Three years is a long time. Long enough to consider one postseason berth in that time span unsatisfactory but not nearly lengthy enough to forget about Daniel Alfredsson's overtime winner in game five of the 2007 Conference Finals. That shot finding a way past Ryan Miller is the last memory the Buffalo Sabres have of the postseason until this upcoming April.
Will it ever be forgotten totally? Highly unlikely, but at least the team can move on and create new memories. Young players like Andrej Sekera, Chris Butler, Tyler Myers and Tim Kennedy will at last understand the chaos and emotional drive of playoff hockey. Fans will cheer on the organization that created back-to-back Conference Final appearances before the repugnant two-year absence.
The 2007 season was generous to Buffalo as they led the league in goal-scoring (308), won the Presidents' Trophy, carried four thirty-goal individuals, six that reached 20 goals (Jochen Hecht fell just short at 19), moved the puck up and down the ice with nonchalance and owned a fantastic one-two goaltending punch.
A lot has changed since then, not only for the Sabres, but the league in its entirety. After the jump, we'll throw out some random events and facts from Buffalo's last year as a postseason contender.
- Dainius Zubrus was still considered an offensive-forward. Boy, did we ever learn that he wasn't worth all of the hype.
- Joe Sakic had no issues with a snow-blower.
- Alexander Ovechkin scored less than 50 goals and 100 points.
Sean Avery and Elisha Cuthbert were dating.
- Michael Nylander was allowed to play in the NHL and actually produced at a point per game ratio.
Matt Cooke was suspended once in his career.
Brian Campbell earned the money he was receiving.
- Maxim Afinogenov had 61 points in 56 games..WITH BUFFALO!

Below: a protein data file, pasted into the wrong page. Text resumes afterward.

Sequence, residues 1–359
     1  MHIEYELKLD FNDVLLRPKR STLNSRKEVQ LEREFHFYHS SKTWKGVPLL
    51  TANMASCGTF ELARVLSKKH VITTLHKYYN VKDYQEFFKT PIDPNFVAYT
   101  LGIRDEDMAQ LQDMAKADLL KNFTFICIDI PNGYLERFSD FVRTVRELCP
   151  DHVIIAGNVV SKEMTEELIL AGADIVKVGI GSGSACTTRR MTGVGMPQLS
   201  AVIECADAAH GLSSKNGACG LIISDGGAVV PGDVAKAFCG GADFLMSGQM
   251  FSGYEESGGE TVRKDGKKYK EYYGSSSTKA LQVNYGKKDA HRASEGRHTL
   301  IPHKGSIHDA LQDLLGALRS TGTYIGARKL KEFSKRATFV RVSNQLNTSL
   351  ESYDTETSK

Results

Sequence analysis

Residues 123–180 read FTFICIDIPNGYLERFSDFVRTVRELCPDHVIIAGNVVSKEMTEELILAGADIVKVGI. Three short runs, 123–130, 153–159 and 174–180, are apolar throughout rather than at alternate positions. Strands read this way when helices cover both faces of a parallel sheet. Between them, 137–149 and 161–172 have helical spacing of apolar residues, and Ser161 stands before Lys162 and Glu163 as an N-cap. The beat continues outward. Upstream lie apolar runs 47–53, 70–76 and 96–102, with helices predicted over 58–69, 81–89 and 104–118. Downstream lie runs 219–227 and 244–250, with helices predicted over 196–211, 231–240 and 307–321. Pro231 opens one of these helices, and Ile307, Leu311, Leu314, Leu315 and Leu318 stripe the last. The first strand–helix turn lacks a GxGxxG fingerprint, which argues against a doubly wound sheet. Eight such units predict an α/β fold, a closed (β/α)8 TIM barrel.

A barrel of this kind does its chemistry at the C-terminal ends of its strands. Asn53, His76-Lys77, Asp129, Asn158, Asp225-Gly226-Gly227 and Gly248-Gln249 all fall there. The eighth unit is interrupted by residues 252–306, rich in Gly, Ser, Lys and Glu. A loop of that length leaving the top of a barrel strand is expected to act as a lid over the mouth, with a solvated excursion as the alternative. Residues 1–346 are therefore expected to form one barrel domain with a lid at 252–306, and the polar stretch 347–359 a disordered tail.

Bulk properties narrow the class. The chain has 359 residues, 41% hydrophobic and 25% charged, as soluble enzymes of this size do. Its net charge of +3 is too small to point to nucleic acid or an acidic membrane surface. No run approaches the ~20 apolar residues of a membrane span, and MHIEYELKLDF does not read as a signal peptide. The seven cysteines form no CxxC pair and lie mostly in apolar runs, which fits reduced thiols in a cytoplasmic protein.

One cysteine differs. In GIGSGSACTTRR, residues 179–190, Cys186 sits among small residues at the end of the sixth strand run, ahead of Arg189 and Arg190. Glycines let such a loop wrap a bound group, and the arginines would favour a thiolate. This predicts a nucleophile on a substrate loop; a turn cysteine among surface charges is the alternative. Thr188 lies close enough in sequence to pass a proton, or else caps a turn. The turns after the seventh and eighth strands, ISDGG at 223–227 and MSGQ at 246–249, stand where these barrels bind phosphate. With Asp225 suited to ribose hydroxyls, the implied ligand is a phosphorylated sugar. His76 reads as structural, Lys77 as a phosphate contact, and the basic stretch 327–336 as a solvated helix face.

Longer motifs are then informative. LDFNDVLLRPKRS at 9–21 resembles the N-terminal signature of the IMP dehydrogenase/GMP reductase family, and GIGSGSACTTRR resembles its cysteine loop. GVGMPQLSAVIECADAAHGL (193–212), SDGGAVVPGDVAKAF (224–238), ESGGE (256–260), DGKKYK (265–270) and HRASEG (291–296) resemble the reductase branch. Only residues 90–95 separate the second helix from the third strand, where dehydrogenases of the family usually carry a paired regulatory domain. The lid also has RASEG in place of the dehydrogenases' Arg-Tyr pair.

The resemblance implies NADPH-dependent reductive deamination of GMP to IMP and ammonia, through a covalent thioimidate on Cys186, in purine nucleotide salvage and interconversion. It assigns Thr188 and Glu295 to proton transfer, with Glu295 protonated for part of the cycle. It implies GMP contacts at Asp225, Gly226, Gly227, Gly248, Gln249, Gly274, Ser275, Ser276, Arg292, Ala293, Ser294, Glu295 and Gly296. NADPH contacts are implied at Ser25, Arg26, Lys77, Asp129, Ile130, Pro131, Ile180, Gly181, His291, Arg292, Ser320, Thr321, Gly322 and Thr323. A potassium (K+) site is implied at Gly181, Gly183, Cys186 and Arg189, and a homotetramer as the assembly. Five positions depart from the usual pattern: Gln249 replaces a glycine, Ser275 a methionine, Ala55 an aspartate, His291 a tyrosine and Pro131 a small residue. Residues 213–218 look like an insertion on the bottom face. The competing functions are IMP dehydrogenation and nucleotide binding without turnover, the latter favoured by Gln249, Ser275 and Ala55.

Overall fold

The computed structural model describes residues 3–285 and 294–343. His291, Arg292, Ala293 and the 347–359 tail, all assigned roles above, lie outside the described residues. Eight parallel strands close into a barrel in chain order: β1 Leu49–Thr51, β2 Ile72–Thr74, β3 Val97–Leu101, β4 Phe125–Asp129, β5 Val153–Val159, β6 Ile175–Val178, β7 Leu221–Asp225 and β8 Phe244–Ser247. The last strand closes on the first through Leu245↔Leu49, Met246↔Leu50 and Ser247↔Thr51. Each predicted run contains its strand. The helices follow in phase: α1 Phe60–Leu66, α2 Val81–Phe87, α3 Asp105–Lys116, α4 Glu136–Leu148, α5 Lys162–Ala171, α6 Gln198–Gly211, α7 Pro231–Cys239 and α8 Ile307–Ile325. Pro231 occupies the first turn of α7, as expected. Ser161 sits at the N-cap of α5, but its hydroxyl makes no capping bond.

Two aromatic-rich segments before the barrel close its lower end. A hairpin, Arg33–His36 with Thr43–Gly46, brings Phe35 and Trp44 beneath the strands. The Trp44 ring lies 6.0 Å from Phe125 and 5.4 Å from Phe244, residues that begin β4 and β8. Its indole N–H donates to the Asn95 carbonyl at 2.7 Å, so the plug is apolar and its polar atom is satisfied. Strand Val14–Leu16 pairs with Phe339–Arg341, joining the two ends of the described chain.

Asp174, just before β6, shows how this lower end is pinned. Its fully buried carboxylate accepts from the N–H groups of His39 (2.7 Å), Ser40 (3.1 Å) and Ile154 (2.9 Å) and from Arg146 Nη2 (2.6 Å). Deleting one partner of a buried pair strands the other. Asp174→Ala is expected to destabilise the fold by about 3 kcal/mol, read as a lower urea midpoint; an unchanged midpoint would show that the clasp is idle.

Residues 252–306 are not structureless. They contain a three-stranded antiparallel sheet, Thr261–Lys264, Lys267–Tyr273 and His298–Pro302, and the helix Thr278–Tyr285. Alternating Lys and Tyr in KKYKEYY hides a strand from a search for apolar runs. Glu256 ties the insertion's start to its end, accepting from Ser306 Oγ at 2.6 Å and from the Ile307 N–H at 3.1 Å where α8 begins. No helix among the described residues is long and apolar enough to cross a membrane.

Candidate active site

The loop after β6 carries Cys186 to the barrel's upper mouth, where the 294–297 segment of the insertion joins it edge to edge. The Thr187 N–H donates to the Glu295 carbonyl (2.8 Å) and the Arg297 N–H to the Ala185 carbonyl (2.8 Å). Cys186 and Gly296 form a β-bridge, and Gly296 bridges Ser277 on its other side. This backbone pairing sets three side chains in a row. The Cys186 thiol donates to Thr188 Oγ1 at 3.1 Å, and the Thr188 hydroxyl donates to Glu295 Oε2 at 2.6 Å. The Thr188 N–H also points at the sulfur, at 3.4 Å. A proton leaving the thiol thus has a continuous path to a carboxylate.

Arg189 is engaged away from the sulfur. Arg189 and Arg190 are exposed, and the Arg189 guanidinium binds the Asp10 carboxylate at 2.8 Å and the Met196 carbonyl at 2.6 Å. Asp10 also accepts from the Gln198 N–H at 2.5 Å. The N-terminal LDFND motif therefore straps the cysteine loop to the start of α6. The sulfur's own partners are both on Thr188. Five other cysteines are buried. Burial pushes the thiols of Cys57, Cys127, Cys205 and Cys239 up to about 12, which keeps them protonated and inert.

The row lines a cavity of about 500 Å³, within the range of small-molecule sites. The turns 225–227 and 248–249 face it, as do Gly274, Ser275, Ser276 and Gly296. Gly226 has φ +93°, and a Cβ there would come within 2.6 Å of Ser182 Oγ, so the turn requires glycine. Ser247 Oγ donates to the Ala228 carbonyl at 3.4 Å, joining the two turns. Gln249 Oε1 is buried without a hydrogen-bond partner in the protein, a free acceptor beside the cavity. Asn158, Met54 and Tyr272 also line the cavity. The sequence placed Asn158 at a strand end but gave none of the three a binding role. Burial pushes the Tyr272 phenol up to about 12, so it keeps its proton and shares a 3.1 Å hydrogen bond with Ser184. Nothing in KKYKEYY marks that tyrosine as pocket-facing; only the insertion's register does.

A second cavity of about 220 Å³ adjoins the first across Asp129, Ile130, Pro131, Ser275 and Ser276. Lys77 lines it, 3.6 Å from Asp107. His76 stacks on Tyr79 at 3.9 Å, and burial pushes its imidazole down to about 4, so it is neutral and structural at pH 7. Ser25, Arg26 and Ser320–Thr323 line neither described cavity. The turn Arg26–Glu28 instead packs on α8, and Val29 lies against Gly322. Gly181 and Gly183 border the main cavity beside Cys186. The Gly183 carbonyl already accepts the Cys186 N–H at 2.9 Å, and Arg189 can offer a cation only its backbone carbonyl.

- Columbus' top forward was David Vyborny and Nikolai Zherdev
answeredsuccumbed to his critics with a ten-goal campaign.
- Patrik Stefan was still hanging around.
- Peter Forsberg's NHL days were coming to a close.
- Dany Heatley was happy in Ottawa.
- The Edmonton Oilers lost 18 of their last 20 games. Some things never change.
- Atlanta, Tampa Bay and the New York Islanders made the playoffs.
Evgeni Malkin, Paul Stastny, Anze Kopitar and Wojtek Wolski were rookies.
Jonathan Cheechoo had a 30-goal upside still left in him.
Vincent Lecavalier experienced no shoulder problems and won the Rocket Richard Trophy.
- Defenseman Mike Green had two goals in 70 games.
- The Detroit Red Wings were playing in front of Dominik Hasek.
- Vesa Toskala had a record of 26-10-1.
Peter Budaj, Rick DiPietro, Kari Lehtonen, Jean-Sebastian Giguere and Andrew Raycroft each registered over 30 wins.
- Veterans like Jaromir Jagr, Peter Bondra, Pierre Turgeon, Eric Lindros, Scott Mellanby and Joe Niewendyk continued to compete.
- A goaltender named Yutaka Fukufuji took part in four matches for the Los Angeles Kings.
- A 19-year-old Sidney Crosby won the Art Ross and Hart Memorial Trophy. R-E-S-P-E-C-T.
- Chris Simon had no issues with Ryan Hollweg or Jarkko Ruutu.
- The two Stanley Cup finalists in 2006, Edmonton and Carolina, failed to reach the postseason. There's a first time for everything and congratulations to those clubs on a job well done.
Alexander Radulov wanted to be in the NHL.
- The Philadelphia Flyers owned the worst regular season record by a good portion.
- Chicago hadn't yet begun its youth movement.
- The Kontinental Hockey League didn't exist.
Mike Richards and Jeff Carter were learning the ropes.
- Teenager Jordan Staal led the league in shorthanded goals with seven.
- Alexei Cherepanov was drafted 17th overall by the New York Rangers.
- Nicklas Lidstrom won his fifth Norris Trophy.
Thomas Vanek had the highest plus-minus rating throughout the league.
- The Sabres had three starters on the Eastern Conference's All-Star line-up (Ryan Miller, Daniel Briere and Campbell).
- Atlanta made the disgraceful trade in acquiring defenseman Alexei Zhitnik from Philadelphia in exchange for Braydon Coburn.
Chris Pronger received two one-game suspensions in the postseason en route to a Stanley Cup.
- Sheldon Souray wasn't so delicate and could play an entire season.
- Players weren't injuring one another nearly as often.